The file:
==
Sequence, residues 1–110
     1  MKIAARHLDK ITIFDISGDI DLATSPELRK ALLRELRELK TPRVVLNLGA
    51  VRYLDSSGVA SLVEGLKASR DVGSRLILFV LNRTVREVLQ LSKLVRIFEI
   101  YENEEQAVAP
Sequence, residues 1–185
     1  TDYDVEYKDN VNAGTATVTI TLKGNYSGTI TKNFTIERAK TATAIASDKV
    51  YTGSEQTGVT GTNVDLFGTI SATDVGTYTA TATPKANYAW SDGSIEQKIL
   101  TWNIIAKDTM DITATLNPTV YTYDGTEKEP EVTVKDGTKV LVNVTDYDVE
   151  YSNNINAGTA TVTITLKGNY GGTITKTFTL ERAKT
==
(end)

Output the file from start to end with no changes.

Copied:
Sequence, residues 1–110
     1  MKIAARHLDK ITIFDISGDI DLATSPELRK ALLRELRELK TPRVVLNLGA
    51  VRYLDSSGVA SLVEGLKASR DVGSRLILFV LNRTVREVLQ LSKLVRIFEI
   101  YENEEQAVAP
Sequence, residues 1–185
     1  TDYDVEYKDN VNAGTATVTI TLKGNYSGTI TKNFTIERAK TATAIASDKV
    51  YTGSEQTGVT GTNVDLFGTI SATDVGTYTA TATPKANYAW SDGSIEQKIL
   101  TWNIIAKDTM DITATLNPTV YTYDGTEKEP EVTVKDGTKV LVNVTDYDVE
   151  YSNNINAGTA TVTITLKGNY GGTITKTFTL ERAKT